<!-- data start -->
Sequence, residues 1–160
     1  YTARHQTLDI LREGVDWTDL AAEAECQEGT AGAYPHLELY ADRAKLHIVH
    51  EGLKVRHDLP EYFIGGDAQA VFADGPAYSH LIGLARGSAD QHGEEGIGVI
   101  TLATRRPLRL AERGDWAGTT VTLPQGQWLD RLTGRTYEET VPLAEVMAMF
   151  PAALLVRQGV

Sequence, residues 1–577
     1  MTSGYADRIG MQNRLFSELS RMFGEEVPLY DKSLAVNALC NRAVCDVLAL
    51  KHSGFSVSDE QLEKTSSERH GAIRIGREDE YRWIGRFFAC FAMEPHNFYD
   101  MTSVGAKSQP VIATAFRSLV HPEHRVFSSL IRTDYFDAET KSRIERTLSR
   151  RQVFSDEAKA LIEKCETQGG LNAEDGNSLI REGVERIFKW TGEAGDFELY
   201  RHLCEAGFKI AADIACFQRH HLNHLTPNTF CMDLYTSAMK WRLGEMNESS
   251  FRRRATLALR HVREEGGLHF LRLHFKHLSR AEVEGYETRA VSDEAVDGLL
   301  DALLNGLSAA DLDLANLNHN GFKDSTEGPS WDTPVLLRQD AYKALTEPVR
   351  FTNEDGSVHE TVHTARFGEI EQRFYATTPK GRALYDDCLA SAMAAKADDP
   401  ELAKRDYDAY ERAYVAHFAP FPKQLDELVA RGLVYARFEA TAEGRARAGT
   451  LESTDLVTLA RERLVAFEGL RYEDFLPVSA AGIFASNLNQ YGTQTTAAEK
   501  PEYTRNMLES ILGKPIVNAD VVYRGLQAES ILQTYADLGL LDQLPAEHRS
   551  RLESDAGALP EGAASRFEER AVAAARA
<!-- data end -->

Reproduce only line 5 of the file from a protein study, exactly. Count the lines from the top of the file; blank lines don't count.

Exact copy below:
   151  PAALLVRQGV